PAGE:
BMCR 2020.04.22

The gaze of Homer: light and vision in the Iliad

, The gaze of Homer: light and vision in the Iliad. . Athens: Institut du Livre - Kardamitsa, 2019. xii, 180 p.. ISBN 9789603544999 €30,00 (pb).

The interconnected themes of light and vision, in particular their manifestation within Homeric epic, form a marked leitmotif within Constantinidou’s scholarly output spanning as far back as the early 1990s—a fact highlighted by the author herself within this book’s opening paragraph. It is no surprise, therefore, that Constantinidou’s latest contribution represents the culmination of her extensive investigation into and reflection upon this topic. The book’s thesis is a simple one—a thesis which, in the opinion of this reader, Constantinidou successfully demonstrates: the phenomena of light and vision are utilized by the poet of the Iliad for deliberate narrative and thematic effect.

This thesis is a timely one given that narratological readings have now become well-established within contemporary Homeric scholarship—for example, studies such as those of de Jong, Alden, and Scodel;[1] however, it must be emphasized that this book’s particular focus—light and vision—presents a unique contribution to this growing corpus. For this reason alone, The Gaze of Homer is to be appreciated by students and scholars alike. Constantinidou is successful in not simply demonstrating that the Iliadic text is permeated with light imagery but also in analysing the ways in which her chosen examples are integrated into the larger narrative action of the epic and, in turn, reflect the broader themes of the poem. Of particular note for this reader, as a single example, is the clear connection drawn between gods manipulating (human) action via their manipulation of light (and thus time), a phenomenon Constantinidou analyses in detail within the context of books 16–17 (pp. 70–75). It could be argued that Constantinidou’s presentation of this thesis overemphasizes an ability to identify the authorial intent of the Homeric bard, especially when Homer is presented as “the first literary impressionist” (pp. 3, 77) or as akin to a filmic auteur (p. 82). Nevertheless, this is a common critique of certain kinds of narratological scholarship (a common workaround being to nuance the emphasis upon authorial intent with that of the receiving audience) and the reader appreciates the contextually relevant image of Homer-as-filmmaker given the clear relationship of light and filmmaking.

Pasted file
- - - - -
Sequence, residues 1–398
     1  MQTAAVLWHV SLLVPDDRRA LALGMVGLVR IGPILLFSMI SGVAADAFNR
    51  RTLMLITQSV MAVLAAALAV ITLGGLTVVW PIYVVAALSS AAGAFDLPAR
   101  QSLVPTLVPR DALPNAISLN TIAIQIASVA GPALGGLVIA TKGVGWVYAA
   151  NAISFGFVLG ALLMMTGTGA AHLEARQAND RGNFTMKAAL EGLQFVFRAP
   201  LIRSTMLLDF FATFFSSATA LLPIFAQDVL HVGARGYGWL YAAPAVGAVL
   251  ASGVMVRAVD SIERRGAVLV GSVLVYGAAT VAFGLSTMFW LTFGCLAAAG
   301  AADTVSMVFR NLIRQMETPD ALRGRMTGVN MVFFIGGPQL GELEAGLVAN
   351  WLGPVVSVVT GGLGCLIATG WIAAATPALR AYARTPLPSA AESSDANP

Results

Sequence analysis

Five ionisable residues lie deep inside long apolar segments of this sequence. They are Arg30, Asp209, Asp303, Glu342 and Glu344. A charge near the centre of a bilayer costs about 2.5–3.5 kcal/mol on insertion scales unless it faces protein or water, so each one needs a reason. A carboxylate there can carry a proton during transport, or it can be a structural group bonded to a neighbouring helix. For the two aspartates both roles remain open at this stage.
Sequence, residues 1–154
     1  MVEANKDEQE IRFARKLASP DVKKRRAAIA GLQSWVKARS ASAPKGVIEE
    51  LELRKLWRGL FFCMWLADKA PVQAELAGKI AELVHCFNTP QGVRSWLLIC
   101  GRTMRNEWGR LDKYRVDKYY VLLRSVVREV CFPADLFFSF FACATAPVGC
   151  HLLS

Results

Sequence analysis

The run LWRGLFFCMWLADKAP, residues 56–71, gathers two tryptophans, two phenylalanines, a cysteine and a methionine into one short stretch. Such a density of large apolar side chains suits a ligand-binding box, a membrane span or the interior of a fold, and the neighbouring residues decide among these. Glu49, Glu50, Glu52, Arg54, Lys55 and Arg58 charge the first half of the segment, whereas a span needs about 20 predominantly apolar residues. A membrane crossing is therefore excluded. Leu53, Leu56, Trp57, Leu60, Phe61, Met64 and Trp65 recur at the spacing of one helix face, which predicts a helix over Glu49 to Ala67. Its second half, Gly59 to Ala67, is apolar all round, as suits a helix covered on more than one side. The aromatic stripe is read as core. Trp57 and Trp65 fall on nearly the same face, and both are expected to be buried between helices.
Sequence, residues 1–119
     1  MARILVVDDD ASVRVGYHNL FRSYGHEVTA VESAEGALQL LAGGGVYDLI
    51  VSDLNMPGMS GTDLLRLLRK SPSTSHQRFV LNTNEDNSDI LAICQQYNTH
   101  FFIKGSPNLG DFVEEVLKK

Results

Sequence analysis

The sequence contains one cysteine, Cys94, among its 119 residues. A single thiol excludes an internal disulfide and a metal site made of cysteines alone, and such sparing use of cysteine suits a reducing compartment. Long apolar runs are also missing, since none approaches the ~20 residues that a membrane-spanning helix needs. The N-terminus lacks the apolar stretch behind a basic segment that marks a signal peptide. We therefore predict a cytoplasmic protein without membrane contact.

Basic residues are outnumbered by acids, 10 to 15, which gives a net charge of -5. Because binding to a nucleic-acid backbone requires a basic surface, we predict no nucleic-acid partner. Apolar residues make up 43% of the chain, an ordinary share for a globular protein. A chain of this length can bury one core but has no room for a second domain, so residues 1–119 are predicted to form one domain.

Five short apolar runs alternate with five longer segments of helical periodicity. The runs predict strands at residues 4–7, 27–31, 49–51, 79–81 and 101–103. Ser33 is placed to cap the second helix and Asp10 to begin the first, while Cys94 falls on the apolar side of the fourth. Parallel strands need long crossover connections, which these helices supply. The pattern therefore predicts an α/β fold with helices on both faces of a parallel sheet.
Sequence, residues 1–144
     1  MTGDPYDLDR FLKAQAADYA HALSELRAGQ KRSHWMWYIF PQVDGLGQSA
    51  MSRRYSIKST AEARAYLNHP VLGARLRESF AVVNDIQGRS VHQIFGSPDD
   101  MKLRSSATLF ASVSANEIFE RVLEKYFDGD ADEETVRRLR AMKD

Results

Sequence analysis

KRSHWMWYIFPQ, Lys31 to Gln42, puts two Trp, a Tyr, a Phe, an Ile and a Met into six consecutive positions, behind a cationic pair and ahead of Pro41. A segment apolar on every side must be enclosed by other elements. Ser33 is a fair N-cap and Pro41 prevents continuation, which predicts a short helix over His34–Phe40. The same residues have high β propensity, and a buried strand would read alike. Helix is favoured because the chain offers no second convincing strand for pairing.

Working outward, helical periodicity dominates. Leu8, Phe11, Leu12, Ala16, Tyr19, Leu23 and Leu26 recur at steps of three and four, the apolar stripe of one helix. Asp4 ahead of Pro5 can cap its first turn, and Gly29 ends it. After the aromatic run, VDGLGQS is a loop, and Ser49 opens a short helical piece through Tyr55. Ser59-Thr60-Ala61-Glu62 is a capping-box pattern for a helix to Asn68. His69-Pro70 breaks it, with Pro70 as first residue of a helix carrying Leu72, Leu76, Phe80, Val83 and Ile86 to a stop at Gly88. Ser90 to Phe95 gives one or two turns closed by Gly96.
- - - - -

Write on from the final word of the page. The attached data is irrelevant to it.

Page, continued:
While Constantinidou’s thesis is to be applauded, the general organisation and structure of the book obscures the clarity of the argument. There are no chapters to speak of; rather, the book is divided into two separate studies: (1) “Sunrise, sunset…: Light and time in the Iliad”; and (2) “Light imagery and vision in Homeric similes”. The two halves represent distinct investigations (complete with summary conclusions at the end of each half) with their particular focus relating to narrative uses of light as either time-markers or within Homeric similes. These broad themes are divided further by subsection titles, each identifying a specific expression of the theme (e.g., §1.1: “Light and time in arming scenes” [pp. 10–39]). This reader found these subheadings to be useful indicators of the general material with which each half of the book is concerned but at the same time that they could not be relied upon to demarcate clearly the structure of the argument itself (see further below).

This criticism aside, the book starts strongly with a concise introduction that clearly positions its two halves as contributing to its singular thesis. The thesis is plainly stated—albeit amongst a considerable number of ‘light’ and ‘vision’ related words that provide a rather playful tone to the writing—and is positioned within a brief survey of recent scholarship on the themes of light, vision and space within Homeric epic. This survey establishes, for anyone in doubt, the uniqueness of Constantinidou’s thesis and cements the place of The Gaze of Homer within the scholarly corpus. The incorporation of some French and Italian studies provides a refreshing international flavour to this review, one that is of clear benefit to those for whom this book might serve as an introductory text and/or those who are familiar with only anglophone scholarship. Despite the wide scope of this review, this reader was surprised to find several significant works absent: for example, Purves’ seminal work, Space and Time in Ancient Greek Narrative, is not mentioned here (despite Constantinidou’s clear awareness of it, for it is included in both footnotes and the bibliography);[2] while Gazis’ work on sight and Homeric narrative is nowhere to be found.[3]

The first half of the book, “Sunrise, sunset…: Light and time in the Iliad”, explores the ways in which the poet uses the natural phenomena of sunrise and sunset as narrative tools for developing action within the plot. Constantinidou highlights numerous instances of dawn and dusk (especially those brought about by the manipulation of the gods) and demonstrates how these phenomena are embedded into particular narrative units which, in turn, serve as significant transition points within the plot: case in point, Hera and Zeus’ quarrel in book 8 (pp. 15–18) or Priam’s pseudo-catabasis in book 24 (pp. 18–19).